Los Angeles County has had a rental shortfall of 25,000 units per year for the past four years, and that same dynamic of strong demand and insufficient new supply is expected to continue, according to a University of Southern California real estate economics forecast.

Economics forecasters and real estate experts are meeting at a conference in Los Angeles today to discuss the forecast and issues relating to the region’s multifamily housing sector. The conference, “Cracking the Code: Reshaping Urban L.A.,” is hosted by the USC Lusk Center for Real Estate, which conducts the Casden Real Estate Economics Forecast for the Los Angeles region. This forecast projects real estate trends in Los Angeles, Orange, Ventura, Riverside and San Bernardino counties.

Raphael Bostic, director for the Casden Real Estate Economics Forecast, said 2004 is expected to be a status quo year for the multifamily housing market in the southern California area, with predatory lending and construction insurance among the hot topics for the region’s multifamily sector.

Low mortgage rates have allowed a growing number of Southern California renters to become homeowners.

Even so, the home home ownership rate in the Los Angeles area is about 40 percent, compared with the national rate of about 70 percent, Bostic said. And the continuing influx of immigrants to the region is expected to keep the rental market strong.

“The low interest rate environment has definitely paid its dividends here,” he said. “We still have a substantial number of people who are looking to be active in the rental market.

“Land is very expensive. One of the big problems for (the region) is the steep supply and demand imbalance. There just hasn’t been an adequate amount of building to match the demand for units, even with low (rates) making ownership attractive,” he added.

In Los Angeles County, the multifamily housing market is marked by rising rents and high occupancy rates, which have mostly remained above 95 percent since 2000, according to Casden’s “Southern California Multi-Family Report 2004.” Rental rates jumped 10 percent in 2003 and nearly 30 percent since 2000. Monthly rental rates in Los Angeles County now approach $1,300 per month on average, the report states, and larger units are in particular demand.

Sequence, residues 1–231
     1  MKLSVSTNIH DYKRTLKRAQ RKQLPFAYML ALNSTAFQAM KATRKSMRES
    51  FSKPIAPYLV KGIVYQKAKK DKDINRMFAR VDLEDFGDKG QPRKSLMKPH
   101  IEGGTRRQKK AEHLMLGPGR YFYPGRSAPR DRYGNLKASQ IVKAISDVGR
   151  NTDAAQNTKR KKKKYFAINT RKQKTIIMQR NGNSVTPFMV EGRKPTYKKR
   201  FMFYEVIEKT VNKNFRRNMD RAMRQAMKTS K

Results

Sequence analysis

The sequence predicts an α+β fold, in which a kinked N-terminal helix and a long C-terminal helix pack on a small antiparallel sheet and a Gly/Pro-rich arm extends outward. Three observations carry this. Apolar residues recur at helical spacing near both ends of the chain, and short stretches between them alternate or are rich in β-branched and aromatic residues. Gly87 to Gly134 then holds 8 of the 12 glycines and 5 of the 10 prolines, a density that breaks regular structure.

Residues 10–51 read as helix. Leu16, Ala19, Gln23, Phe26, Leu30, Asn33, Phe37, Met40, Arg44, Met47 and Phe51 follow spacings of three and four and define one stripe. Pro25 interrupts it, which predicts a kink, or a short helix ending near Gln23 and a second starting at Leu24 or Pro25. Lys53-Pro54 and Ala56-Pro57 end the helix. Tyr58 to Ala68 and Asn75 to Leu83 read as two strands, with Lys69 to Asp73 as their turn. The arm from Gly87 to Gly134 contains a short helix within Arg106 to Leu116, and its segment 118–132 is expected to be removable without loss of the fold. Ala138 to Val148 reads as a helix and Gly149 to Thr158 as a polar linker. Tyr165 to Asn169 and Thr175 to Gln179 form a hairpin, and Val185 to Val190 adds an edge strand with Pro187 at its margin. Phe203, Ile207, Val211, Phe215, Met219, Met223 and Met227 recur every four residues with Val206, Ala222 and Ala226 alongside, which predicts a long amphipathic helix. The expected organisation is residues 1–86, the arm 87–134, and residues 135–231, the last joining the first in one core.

“Rents per square foot have grown nearly twice as fast for three-bedroom units than for other types of units” since 2000, the report states.

Consumer spending, particularly in the housing sector, has helped to keep the economy rolling, the report also states, though it’s uncertain whether “an onslaught of new investment and employment is around the corner” as the pace of new job creation may not be enough to keep the economy growing.

The conference today will also focus on insurance and liability problems for real estate developers and include an investment perspective on Southern California’s apartment market. Participants also will discuss opportunities for adaptive reuse and conversion of industrial and commercial buildings in downtown areas, and the best and worst locations for real estate development and investment in the Los Angeles region.

A national economic forecast released this month by the University of California, Los Angeles, predicts new-home sales “will do well merely to hold 2003 levels, which means no further gains in housing starts or residential construction.” Low mortgage rates served to relieve a pent-up demand among first-time home buyers who had previously been locked out of the market, the UCLA Anderson Forecast states, but, “home sales and starts should trend lower over the next few years.”

The Anderson Forecast concludes the economy will improve this year, but not by leaps and bounds.

“Barring an explosion in exports, aggregate U.S. growth will do well to remain modest,” the forecasters predicted.

Send tips or feedback to glenn@inman.com; (510) 658-9252, ext. 137.

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